Laminitis in donkeys: a pilot study investigating radiographic versus post-mortem measurements


Laminitis is a painful disease of equines. Radiographic and post-mortem evaluations of feet are often an important part of welfare investigations, and professional opinions by veterinarians are necessary in resulting legal cases. Any difference in measurements between the two modalities can cause uncertainty, potentially affecting the legal decision.


To quantify the difference between radiographic and postmortem pre-mortem vs. post-mortem effects.

Study design

Case series.


Seven donkeys with laminitis confirmed via standard workup, euthanased for reasons unrelated to the study, were selected. Weight-bearing and non-weight-bearing lateral radiographs were taken of both front feet within 24 h pre-mortem. Feet were removed and sagitally sectioned between 48 and 72 h post-mortem. Lateral radiographs were taken of the feet immediately following sectioning. Founder distance and rotation were evaluated at each time point and compared using paired t-tests (P < 0.05).


Compared with pre-mortem weight-bearing radiographs, nonweight-bearing feet had a decreased founder distance and decreased rotation. Compared with pre-mortem non-weight- bearing radiographs, post-mortem feet had increased rotation and no change in founder distance. There were no significant differences between post-mortem direct measurements and post- mortem radiographs. Compared with standard weight-bearing radiographs, post-mortem measurements had a decreased founder distance and increased rotation.

Main limitations

Small sample size. Further samples are needed to confirm these initial conclusions.


Measurements of post-mortem feet have a decreased founder distance and an increased rotation compared with standard radiographic images. Changes in founder distance are seen due to changes in weight-bearing. Changes in rotation are seen post-mortem, and can be explained by autolysis of the laminae and/or rigor mortis causing tendon contracture. Most studies have focused on indications and severity of laminitis in living animals using radiographs: postmortem measurements should therefore be interpreted with caution.

Competing interests

None declared.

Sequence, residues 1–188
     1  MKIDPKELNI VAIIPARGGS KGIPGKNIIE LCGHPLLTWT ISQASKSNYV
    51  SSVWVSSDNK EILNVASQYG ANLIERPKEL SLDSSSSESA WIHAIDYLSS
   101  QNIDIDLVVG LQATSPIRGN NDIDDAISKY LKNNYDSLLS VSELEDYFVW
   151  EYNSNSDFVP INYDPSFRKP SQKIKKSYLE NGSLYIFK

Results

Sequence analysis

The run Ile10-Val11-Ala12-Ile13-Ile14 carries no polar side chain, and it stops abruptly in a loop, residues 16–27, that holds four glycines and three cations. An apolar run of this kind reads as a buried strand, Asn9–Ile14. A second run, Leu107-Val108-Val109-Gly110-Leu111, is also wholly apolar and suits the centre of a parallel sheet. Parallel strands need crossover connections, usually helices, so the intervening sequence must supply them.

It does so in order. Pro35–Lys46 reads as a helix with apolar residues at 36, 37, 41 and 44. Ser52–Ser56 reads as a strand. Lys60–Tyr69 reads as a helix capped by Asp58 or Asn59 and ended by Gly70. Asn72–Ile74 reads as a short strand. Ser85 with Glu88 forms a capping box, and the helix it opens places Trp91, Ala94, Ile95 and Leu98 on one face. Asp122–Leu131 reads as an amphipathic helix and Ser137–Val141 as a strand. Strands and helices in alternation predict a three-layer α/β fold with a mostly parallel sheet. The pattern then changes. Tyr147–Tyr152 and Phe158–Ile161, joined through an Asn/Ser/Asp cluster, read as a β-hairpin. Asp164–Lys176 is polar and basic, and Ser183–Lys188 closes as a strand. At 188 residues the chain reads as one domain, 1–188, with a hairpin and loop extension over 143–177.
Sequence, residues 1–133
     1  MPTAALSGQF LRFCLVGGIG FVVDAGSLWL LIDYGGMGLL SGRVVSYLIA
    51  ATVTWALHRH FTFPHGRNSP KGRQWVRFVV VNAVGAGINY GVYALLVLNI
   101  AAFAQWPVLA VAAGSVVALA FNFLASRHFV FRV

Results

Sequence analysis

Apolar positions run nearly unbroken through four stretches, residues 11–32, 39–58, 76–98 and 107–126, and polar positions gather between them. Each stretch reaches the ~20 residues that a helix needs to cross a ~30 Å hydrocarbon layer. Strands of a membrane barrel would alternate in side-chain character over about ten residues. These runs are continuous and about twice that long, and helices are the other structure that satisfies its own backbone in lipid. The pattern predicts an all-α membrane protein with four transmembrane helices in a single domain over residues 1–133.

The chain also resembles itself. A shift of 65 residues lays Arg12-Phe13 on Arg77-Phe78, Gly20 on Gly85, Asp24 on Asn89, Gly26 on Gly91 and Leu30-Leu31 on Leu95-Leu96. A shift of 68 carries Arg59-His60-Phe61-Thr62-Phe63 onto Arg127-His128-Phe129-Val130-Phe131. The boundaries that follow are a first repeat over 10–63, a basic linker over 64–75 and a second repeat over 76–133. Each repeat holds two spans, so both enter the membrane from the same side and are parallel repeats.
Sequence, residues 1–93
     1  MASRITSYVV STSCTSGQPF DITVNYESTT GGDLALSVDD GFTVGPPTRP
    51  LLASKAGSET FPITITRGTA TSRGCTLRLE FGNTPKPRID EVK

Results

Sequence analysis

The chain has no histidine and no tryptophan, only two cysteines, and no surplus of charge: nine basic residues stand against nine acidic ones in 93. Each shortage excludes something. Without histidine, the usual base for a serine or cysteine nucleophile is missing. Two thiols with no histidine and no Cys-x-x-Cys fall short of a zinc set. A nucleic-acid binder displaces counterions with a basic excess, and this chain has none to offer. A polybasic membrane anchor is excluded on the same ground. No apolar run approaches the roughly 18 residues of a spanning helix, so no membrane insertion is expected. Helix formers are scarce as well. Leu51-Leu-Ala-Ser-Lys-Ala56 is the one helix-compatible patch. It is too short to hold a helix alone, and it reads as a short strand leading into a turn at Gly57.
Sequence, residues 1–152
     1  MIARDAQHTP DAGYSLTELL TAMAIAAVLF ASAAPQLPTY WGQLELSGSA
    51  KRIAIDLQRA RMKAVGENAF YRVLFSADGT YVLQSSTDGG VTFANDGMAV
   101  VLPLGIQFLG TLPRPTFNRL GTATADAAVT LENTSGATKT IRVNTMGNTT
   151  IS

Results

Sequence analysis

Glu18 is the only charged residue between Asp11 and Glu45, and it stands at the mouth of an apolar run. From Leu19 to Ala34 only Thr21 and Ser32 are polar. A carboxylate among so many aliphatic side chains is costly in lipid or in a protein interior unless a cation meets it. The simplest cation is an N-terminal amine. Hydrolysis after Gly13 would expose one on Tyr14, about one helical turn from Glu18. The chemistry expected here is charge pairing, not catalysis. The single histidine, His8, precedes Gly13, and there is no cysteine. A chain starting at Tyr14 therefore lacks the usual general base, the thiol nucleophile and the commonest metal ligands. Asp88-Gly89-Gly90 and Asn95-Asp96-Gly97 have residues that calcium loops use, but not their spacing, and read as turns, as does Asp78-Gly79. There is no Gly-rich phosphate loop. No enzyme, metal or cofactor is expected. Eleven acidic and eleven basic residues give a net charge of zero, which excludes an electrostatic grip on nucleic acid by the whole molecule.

Ethical animal research

Approved by The Donkey Sanctuary. Donkeys were owned by The Donkey Sanctuary and were used with consent.

Sources of funding

The Donkey Sanctuary.

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Development of a quantitative multivariable radiographic method to evaluate anatomic changes associated with laminitis in the forefeet of donkeys


To establish and validate an objective method of radiographic diagnosis of anatomic changes in laminitic forefeet of donkeys on the basis of data from a comprehensive series of radiographic measurements.


85 donkeys with and 85 without forelimb laminitis for baseline data determination; a cohort of 44 donkeys with and 18 without forelimb laminitis was used for validation analyses.


For each donkey, lateromedial radiographic views of 1 weight-bearing forelimb were obtained; images from 11 laminitic and 2 nonlaminitic donkeys were excluded (motion artifact) from baseline data determination. Data from an a priori selection of 19 measurements of anatomic features of laminitic and nonlaminitic donkey feet were analyzed by use of a novel application of multivariate statistical techniques. The resultant diagnostic models were validated in a blinded manner with data from the separate cohort of laminitic and nonlaminitic donkeys.


Data were modeled, and robust statistical rules were established for the diagnosis of anatomic changes within laminitic donkey forefeet. Component 1 scores ≤ −3.5 were indicative of extreme anatomic change, and scores from −2.0 to 0.0 denoted modest change. Nonlaminitic donkeys with a score from 0.5 to 1.0 should be considered as at risk for laminitis.

Conclusions and clinical relevance

Results indicated that the radiographic procedures evaluated can be used for the identification, assessment, and monitoring of anatomic changes associated with laminitis. Screening assessments by use of this method may enable early detection of mild anatomic change and identification of at-risk donkeys.

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